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A lot has been made of the internal turmoil of the Democratic Alliance (DA). For over a year, the country has watched one political party rip itself up over the removal of one person – Patricia de Lille.
When de Lille and her party, the Independent Democrats (ID), took up a partnership opportunity with the DA to remove the rule of the African National Congress (ANC) in the Western Cape, the promise of achieving the same feat on a national scale was realized.
However, a powerful personality like that of de Lille would be tested and the attempt to contain it would become the catalyst in the rise and fall of the relationship.
Racism a major factor in the party’s internal divisions
It could be said that the DA in Cape Town has been eternally divided in the aftermath of the highly publicized battle between de Lille and the DA. There is little else that can be done when race relations form part of the division.
One one hand, supporters of de Lille, within the party, claim that racism became the ultimate reason why the DA wanted her out. On the other hand, the party vowed to remove her because she is a ‘power-hungry bully’.
Although the dust has settled between the two parties involved, the DA claims to still have the documents it was prepared to use against de Lille that taints the image of her as the champion of clean governance.
What evidence does the DA have against de Lille’s alleged misconduct?
The main piece of evidence is an SMS that de Lille allegedly sent, instructing a senior councillor to score an interview candidate, of the city manager position, highest.
Achmat Ebrahim, despite all the suspicion surrounding his reappointment as the city manager, vacated his position earlier this year. De Lille has never denied sending the SMS. However, she has always asked for the evidence of it to be authenticated.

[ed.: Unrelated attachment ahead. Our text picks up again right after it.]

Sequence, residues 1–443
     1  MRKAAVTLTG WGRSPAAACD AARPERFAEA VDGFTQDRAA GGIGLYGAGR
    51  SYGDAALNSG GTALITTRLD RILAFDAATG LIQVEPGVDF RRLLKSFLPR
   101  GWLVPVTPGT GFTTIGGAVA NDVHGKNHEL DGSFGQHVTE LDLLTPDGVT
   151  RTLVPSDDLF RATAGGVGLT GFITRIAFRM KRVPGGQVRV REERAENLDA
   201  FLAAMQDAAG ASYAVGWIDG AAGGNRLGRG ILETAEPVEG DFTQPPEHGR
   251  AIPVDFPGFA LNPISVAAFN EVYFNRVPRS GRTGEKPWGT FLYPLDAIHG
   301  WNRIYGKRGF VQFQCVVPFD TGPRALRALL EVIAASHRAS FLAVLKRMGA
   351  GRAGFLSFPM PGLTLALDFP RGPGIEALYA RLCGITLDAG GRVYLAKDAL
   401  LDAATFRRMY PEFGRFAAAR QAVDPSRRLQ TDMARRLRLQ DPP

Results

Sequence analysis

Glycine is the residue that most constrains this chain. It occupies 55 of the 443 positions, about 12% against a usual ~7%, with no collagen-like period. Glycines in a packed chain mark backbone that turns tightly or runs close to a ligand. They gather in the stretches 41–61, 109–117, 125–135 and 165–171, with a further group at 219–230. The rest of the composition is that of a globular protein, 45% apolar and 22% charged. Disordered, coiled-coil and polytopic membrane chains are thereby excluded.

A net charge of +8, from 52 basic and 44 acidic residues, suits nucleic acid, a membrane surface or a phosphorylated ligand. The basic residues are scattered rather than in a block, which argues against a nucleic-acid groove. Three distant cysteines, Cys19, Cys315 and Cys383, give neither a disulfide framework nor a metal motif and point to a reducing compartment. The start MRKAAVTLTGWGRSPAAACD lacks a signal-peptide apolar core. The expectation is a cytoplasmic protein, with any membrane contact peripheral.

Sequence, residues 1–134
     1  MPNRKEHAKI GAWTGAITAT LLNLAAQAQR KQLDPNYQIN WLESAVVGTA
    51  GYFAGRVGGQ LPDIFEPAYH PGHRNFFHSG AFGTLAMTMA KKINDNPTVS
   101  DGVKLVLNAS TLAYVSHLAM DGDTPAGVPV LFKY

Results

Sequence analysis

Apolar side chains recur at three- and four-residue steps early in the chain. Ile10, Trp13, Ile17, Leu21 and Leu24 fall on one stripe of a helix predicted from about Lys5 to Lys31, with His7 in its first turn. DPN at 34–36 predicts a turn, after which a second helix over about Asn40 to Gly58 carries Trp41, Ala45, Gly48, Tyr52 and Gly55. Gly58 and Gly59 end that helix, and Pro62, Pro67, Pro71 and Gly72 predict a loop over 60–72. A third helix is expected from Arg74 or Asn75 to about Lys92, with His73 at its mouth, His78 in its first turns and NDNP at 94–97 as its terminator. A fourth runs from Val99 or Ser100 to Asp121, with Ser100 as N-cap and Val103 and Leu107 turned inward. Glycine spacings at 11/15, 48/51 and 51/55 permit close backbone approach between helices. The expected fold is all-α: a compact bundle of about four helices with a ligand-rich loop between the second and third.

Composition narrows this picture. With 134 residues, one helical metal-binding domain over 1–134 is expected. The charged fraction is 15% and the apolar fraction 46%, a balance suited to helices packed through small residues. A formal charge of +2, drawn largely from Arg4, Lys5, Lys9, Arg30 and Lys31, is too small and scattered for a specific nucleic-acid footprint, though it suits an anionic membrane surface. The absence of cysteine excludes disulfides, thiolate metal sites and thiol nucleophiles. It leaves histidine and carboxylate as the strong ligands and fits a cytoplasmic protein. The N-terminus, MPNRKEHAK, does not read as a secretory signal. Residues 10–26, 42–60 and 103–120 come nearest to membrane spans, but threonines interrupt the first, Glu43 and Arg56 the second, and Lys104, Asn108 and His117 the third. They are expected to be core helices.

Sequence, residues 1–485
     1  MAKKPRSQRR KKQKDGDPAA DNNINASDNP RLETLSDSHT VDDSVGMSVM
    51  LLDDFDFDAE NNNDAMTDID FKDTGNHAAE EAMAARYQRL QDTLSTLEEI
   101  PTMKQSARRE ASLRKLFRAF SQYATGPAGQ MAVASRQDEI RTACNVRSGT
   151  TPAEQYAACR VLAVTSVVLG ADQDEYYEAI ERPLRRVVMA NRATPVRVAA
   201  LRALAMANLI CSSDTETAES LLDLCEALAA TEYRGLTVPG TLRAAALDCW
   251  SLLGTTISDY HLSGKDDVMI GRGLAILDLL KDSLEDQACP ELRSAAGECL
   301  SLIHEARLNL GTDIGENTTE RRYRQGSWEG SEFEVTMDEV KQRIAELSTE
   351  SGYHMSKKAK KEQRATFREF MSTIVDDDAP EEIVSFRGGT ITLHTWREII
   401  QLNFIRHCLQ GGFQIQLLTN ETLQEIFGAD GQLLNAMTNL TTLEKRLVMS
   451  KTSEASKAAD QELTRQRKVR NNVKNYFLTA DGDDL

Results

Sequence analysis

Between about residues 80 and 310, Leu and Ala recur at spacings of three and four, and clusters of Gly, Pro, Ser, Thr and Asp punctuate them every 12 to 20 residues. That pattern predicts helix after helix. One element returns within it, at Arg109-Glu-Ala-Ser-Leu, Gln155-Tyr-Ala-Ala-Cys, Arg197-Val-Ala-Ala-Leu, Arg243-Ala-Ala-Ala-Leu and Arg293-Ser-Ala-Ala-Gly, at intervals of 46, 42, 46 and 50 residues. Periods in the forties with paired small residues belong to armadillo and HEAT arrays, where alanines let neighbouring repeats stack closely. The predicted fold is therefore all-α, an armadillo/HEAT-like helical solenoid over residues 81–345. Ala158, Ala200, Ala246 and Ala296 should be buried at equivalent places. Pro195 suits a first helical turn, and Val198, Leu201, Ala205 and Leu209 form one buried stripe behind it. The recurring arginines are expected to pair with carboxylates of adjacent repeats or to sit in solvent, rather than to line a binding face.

Mail & Guardian have confirmed that the forensic report, compiled by an independent company called Cyanre, contains proof of the authenticity of the SMS.
Cyanre, however, has not excluded the possibility that the message could have been expertly photoshopped.
To date, the SMS is just about the only piece of evidence the DA has shared publicly. Mmusi Maimane has remained silent about any information related to the case of de Lille.
Most would agree that maybe it was for the good of what is left of the DA that the disciplinary hearing against de Lille never happened.
It would have compelled them to reveal the inner workings of the party and highlighted issues of racism and many other flaws within the party, especially since de Lille was adamant on having it in the view of the public.
The genesis of the division within the DA
According to sources that revealed the genesis of the battle between de Lille and the DA to Mail & Guardian, the root of the division stems back in August 2016, right after the local government elections.
The DA had won the Western Cape by a two-thirds majority and everything was all good and well – until they had to elect a deputy leader.
The contest was between JP Smith and Brett Herron, a former member of de Lille’s ID. It is alleged by de Lille’s supporters that Smith had referred to non-white members of the party as ID people.
Brynard’s encounter with de Lille that sparked issue of race
They cite this moment as the beginning of a racially fuelled division in the caucus. The battle between councillor Carin Brynard, who has since left the DA to join Cape Party, and de Lille, further disfigured the racial lines inherent in the party.